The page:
When it comes to small rooms it’s hard to avoid creating a cramped and cluttered space. By the time all of the furniture is moved in and the décor is hung, it might feel as though you’ve cut the space in half. Fortunately, there are a few tricks to make a small room look (and feel) much larger than it is. With a few simple steps and clever usage of what you have at your disposal, a small room can feel just as open and welcoming as the largest room in the house.
Types of Rooms To Make Bigger
There are all sorts of reasons you might want to make any number of rooms feel bigger than they are. Whether it’s a small bathroom, a guest room, a basement, a home office, or a living room carved out of extra space in the house, the key is to plan and choose the best way of expanding the space for that room specifically. That means that you may not need all of these methods, though combining them may maximize the effect.
Light (natural light)
Flood the room with natural light. If there are good sized windows in the room, choose sheer curtains, or flank the curtains to let the natural light in. Natural light always gives an open and airy impression that allows a room to breathe. It’s a bit of a mind trick, but it works! This will also eliminate the need for extra lamps so you don’t have to worry about crowding the space with table lamps or floor lamps.
Draw Eyes Upwards
There are a few ways to do this. Long curtains that stretch from above the window frame down to the floor can achieve this look. Another option would be to paint or wallpaper the ceiling, immediately drawing guest’s eyes upwards, install crown molding, install vertical art, or incorporate vertical lines in everything.
Tall and Vertical
Along the same lines of drawing the eye upwards, tall and vertical should be the goal. Pair shorter elements like sofas, beds, dressers, and coffee tables with tall bookshelves, tall floor lamps, and vertical lines when it comes to patterns.
Cut out the extra. Pair down what you are putting in the room to ensure that everything has a place and purpose. Big, heavy furniture may not be the best option when streamlining, so go for simple shapes, clean lines, and minimal detail. Simpler pieces with simple silhouettes will maximize the space, but also create a sense of uncluttered clarity.
Part of streamlining is clean lines. Clean lines open the door for the introduction of patterns and textures, but they also ensure that the room isn’t crowded with too much busy-ness. Pair tall and vertical with clean lines to create a space that seems to float upwards and has an overall lightweight look.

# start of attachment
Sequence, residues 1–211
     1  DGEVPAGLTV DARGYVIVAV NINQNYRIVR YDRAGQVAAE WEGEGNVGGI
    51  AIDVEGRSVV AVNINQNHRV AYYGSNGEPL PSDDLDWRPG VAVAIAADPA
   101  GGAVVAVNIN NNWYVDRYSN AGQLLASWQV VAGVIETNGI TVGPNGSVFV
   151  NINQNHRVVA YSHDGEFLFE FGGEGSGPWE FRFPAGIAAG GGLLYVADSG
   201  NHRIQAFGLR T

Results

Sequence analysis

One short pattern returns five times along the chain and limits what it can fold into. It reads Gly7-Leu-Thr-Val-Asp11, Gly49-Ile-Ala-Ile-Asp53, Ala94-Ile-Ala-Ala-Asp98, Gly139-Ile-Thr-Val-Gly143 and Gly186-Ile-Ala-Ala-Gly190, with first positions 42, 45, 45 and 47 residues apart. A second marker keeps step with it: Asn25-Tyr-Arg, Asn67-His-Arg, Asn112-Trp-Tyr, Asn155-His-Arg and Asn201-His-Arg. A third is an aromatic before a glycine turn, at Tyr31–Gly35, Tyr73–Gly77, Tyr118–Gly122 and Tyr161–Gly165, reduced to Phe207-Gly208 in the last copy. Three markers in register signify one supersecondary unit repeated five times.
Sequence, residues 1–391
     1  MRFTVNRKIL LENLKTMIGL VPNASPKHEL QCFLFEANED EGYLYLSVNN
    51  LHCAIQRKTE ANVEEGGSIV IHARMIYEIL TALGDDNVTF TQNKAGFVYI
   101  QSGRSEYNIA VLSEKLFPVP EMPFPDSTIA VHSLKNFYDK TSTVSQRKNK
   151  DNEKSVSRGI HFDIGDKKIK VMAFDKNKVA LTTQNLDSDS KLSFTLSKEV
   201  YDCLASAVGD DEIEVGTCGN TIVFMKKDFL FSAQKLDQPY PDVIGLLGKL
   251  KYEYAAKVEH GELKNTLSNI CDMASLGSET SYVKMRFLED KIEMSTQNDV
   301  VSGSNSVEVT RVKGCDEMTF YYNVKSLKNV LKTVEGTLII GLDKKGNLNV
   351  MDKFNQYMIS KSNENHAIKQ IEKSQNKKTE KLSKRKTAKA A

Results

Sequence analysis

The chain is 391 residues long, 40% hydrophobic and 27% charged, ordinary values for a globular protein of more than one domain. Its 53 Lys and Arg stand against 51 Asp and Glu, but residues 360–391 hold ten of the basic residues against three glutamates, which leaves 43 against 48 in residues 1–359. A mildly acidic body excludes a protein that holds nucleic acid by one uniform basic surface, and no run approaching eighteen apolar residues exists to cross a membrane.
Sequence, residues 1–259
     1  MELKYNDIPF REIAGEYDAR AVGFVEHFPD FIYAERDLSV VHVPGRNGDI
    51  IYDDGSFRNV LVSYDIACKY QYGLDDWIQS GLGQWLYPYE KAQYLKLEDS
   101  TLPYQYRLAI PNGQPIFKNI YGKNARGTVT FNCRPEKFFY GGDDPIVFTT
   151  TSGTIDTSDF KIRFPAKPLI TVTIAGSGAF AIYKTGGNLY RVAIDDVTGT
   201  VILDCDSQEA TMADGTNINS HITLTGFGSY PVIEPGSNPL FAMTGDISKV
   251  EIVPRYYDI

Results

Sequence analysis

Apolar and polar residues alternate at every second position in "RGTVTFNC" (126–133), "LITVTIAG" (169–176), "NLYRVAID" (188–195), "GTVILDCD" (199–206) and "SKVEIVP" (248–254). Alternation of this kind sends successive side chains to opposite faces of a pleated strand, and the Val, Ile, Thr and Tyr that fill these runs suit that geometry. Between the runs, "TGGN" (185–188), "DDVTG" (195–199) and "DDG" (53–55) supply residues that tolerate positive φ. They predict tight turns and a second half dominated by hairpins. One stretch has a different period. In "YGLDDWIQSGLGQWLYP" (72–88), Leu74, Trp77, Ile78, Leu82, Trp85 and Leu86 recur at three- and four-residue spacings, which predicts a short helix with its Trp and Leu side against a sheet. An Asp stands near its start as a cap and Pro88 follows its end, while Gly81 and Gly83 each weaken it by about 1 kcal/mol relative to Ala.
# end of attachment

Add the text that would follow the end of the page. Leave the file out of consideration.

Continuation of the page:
Smaller pieces with slim profiles won’t crowd each other out. You’ll also feel more like you have space to move about. A slim profile is usually achieved with lighter materials, wire frames for table legs, linens and cottons, wood or glass surfaces, simple shapes, and smaller pieces overall.
If you can have them, sliding doors will save you so much room! When traditional doors are open, they can take up a lot of space in the room and create odd angles and unusable space. A sliding door, or even a pocket door, will glide against the wall taking up only a few inches of space. Plus, they are unbelievably charming!
This usually brings to mind murphy beds. And even though those have had less than stellar reputations over the years, they are not the only option for multi-purpose furniture anymore. Ottomans that double as side tables, sofas that fold out into beds, desks that fold out from the wall, bookshelves that double as desks and tables, countertops that roll out from underneath kitchen islands, drawers hidden in stairs, storage benches, and more have come a long way over the last few years. There are so many cool pieces out there that are giving compact and multi-purpose a new name.
Mirrors can be the ultimate optical illusions. With a little trickery, a mirror and mirrored furniture can give the impression that a room is larger than it is. It’s best to use a larger mirror; go full length on the floor, put a big mirror on one wall along with other items, or arrange two or so mirrors in a neat grouping. They key is to not go too small, but to find a mirror that will leave some empty space while still being a focal point.
Anything that pushes out into the room from the walls and takes up extra space will make your room look and feel smaller. That’s why built-ins are such a wonderful solution. Not only do they add tons of charm, but they sink into the walls, leaving you with all the original floor space. Now, the biggest problem is that built-ins may require some construction, but if you have the chance to integrate them into your home, take it! You won’t regret it.
With these simple tricks, you can take that small space from cramped and dark to bright and spacious! It’s all in how you approach filling the space you have and maximizing every inch.
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